The House Gecko can be found just about anywhere with a warm climate because of the multiple subspecies that exist. Most of the house gecko species have the same care, however. They are hardy little geckos that can be a lot of fun to keep and get their name because they are commonly found in houses. House geckos originated from Southeast Asia and Western Africa.
Fully grown, house geckos are from 3-5 inches long. They are able to cling to walls with their feet, and with the right care can live up to 5 years old. House geckos are normally a tan/gold or yellow and males are known to make mating calls at night.
Do not plan on interacting with these geckos outside of their cage because of their jumpy nature. House geckos will look for every option to escape and take it. They are fun to watch, but only handle them if you have to.
Being insectivores, house geckos will gladly consume crickets or mealworms. Crickets are the easiest and healthiest option you can provide, and it is a lot of fun to watch the gecko chase down a cricket. A cricket should be as long as the width of your geckoís head to prevent choking.
Adult geckos need to eat every 3-5 days, and will eat as many crickets as they need in 15-20 minutes. Hatchlings and juveniles need to be fed every day. Be sure to remove any extra crickets so they do not become a nuisance. Crickets will need to be gut loaded as well, meaning they should be fed a variety of healthy vegetables because what goes into the crickets goes into your gecko.
A single house gecko can live in a 10-gallon enclosure for its entire life. For every gecko you add, add 5 gallons of enclosure space. Multiple males should never be kept together because they will fight. A screen lid is important for ventilation, and glass aquariums work well for these geckos.
A simple substrate like paper towels or newspaper can be used because it is easy to clean and inexpensive. If you want a more naturalistic setup, potting soil, Eco Earth, or Bed-a-Beast work well and hold humidity. Avoid sand or gravel because these substrates can be harmful if swallowed and do not hold humidity well.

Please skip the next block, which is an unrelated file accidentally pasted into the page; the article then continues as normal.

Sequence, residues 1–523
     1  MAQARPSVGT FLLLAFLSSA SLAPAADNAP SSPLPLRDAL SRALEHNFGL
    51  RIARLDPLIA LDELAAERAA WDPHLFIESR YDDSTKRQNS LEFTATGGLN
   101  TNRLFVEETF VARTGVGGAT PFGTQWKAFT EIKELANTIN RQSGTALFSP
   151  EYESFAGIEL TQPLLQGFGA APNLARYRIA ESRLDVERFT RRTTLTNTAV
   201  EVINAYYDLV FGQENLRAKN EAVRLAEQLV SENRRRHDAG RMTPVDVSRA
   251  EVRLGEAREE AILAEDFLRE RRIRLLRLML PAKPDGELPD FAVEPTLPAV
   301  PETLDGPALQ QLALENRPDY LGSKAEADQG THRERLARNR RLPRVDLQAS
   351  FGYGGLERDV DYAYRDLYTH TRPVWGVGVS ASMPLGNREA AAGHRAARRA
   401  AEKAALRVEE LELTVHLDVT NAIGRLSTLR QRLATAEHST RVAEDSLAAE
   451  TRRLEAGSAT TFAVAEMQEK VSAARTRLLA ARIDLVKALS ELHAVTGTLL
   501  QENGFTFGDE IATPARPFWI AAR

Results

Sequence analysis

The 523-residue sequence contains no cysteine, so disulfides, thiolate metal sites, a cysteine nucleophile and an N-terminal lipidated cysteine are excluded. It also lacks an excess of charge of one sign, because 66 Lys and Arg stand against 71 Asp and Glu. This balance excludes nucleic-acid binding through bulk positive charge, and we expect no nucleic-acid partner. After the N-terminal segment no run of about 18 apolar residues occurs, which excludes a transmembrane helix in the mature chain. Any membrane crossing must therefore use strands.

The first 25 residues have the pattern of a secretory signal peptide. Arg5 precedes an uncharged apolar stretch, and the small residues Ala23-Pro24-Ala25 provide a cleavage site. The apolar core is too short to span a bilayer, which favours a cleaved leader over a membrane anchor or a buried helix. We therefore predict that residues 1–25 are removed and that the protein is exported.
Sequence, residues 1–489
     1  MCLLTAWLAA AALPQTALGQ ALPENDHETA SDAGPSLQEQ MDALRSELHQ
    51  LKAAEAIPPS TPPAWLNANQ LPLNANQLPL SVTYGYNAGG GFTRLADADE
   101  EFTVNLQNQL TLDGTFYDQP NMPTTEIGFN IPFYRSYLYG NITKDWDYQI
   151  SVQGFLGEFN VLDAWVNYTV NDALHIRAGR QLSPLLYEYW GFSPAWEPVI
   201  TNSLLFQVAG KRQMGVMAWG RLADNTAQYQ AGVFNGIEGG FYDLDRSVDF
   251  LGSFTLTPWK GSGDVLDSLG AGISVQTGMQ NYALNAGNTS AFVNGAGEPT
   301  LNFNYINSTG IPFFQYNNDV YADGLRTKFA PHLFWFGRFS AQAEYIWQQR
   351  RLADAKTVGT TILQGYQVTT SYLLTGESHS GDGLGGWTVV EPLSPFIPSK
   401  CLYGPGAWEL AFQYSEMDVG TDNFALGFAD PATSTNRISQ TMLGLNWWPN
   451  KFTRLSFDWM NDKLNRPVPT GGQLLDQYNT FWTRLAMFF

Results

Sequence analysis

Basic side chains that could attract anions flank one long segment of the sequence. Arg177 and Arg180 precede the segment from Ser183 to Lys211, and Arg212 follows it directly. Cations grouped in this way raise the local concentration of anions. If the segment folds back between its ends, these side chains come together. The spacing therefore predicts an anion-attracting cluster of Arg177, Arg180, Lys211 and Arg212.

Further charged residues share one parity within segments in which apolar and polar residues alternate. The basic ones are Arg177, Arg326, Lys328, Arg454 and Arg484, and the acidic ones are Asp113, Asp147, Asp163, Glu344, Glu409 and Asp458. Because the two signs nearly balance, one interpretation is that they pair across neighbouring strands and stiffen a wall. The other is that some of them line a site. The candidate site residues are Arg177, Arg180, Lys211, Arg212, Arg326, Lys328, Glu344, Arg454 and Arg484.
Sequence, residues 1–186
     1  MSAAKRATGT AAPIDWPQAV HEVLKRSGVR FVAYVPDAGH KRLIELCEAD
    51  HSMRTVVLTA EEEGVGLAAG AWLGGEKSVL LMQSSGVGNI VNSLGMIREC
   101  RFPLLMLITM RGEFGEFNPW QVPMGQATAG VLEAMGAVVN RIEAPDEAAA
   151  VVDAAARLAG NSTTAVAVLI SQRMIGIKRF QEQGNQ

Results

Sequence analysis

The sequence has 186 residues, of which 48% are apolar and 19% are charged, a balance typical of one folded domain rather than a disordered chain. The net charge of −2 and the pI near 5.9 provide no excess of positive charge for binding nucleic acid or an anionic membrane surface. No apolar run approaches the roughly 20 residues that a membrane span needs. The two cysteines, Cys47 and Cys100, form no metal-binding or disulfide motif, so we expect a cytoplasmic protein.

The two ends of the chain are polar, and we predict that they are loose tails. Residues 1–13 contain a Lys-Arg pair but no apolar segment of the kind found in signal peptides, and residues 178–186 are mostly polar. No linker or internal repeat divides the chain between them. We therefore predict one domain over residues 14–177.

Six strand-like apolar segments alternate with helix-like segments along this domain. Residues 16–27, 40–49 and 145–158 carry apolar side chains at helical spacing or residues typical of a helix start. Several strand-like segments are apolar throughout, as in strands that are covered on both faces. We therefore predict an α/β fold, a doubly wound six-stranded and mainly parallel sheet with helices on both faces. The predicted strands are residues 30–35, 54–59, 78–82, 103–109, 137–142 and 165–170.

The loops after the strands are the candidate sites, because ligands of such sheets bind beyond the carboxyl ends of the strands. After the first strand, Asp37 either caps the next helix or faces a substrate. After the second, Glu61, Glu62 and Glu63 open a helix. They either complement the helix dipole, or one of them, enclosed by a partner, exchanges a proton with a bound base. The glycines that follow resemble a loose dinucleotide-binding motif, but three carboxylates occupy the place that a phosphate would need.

Shelter should mainly be provided in the form of branches, plants and vines (real or fake). House geckos will rarely use hides on the ground, so provide multiple hiding spots among the foliage in the enclosure.
House geckos need a basking spot of 85-90F on one end of the enclosure. Using a heat bulb is the best way of achieving the right temperature. Keep a thermometer inside of the enclosure at all times so you know the temperature is correct. House geckos do not require any special UVA/UVB lighting.
Mist the entire enclosure once or twice a day to reach 60% humidity. If the proper humidity cannot be reached the house gecko will get upper lung problems. A hydrometer is an important accessory in the enclosure. House geckos will drink the water they need off of the grass and the leaves in the enclosure so no water bowl needs to be provided.
Replace simple substrates when soiled and loose substrates every 2-3 months. Clean the entire enclosure every 6 months and spot clean daily.
Breeding Because many house geckos are wild caught, breeding is not very researched and well known with these species. If you do decide to breed them, acquire one male and four or five females that are fully mature. Put them all in a 25-30 gallon enclosure and the male will mate with the females. This group of house geckos can be kept together all year long, and the females will continue to produce eggs. The females will need a place to lay their eggs, so provide a lay box that is big enough that a couple geckos can fit in there at the same time.
Once eggs are laid, remove them and put them in an incubator at 88F. Some keepers choose to leave the eggs in the enclosure until they hatch, but the females will not care for their eggs once they have been laid.
Hatchling house geckos are extremely small and should be kept in a small aquarium or a critter keeper. Feed them pinhead crickets or fruit flies every day. The rest of their needs are the same as adult house geckos, just shrunken down. Hatchling geckos dehydrate easily so keep the enclosure humid.
Conclusion House geckos are extremely popular and hardy pet reptiles. They arenít the best to interact with, but they are fun to watch. Remember, do your research before buying any pet so that it can live happily and healthily.
I've probably driven these people totally nuts while I was deciding on which ones & how many (got a breeding pair of Marbled & a breeding pair of Flying Geckos), but they never once let on how "dumb" I was being. I loved working with them and my babies arrived, safe/sound/active/alert and very healthy. I'm looking forward to dealing with them again in the future!
Sherry Mc Greevy - February 14, 2012
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